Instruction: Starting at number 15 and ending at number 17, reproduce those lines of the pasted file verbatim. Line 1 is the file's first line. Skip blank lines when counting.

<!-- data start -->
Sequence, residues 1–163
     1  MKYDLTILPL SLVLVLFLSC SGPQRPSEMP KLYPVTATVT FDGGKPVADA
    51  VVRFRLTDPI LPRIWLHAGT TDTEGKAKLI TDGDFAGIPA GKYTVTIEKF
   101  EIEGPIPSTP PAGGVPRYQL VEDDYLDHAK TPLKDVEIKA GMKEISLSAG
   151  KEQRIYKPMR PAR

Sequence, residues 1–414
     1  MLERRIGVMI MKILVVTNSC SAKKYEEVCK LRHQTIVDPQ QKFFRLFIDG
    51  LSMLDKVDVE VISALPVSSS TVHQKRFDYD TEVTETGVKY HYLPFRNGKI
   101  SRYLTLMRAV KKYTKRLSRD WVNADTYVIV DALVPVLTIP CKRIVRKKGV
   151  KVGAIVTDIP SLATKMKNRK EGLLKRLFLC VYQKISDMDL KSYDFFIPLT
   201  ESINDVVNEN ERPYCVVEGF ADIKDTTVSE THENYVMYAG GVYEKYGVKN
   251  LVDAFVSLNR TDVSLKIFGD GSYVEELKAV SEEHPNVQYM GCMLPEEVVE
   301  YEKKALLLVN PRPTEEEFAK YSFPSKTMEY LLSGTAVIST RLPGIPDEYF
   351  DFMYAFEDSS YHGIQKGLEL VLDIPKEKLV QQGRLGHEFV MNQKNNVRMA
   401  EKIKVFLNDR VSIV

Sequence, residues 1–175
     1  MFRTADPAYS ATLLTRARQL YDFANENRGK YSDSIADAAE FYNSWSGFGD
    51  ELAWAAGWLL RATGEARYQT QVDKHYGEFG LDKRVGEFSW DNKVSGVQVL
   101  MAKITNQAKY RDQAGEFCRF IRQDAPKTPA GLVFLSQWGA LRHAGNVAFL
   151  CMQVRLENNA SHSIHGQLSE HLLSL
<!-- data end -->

   401  EKIKVFLNDR VSIV

Sequence, residues 1–175
     1  MFRTADPAYS ATLLTRARQL YDFANENRGK YSDSIADAAE FYNSWSGFGD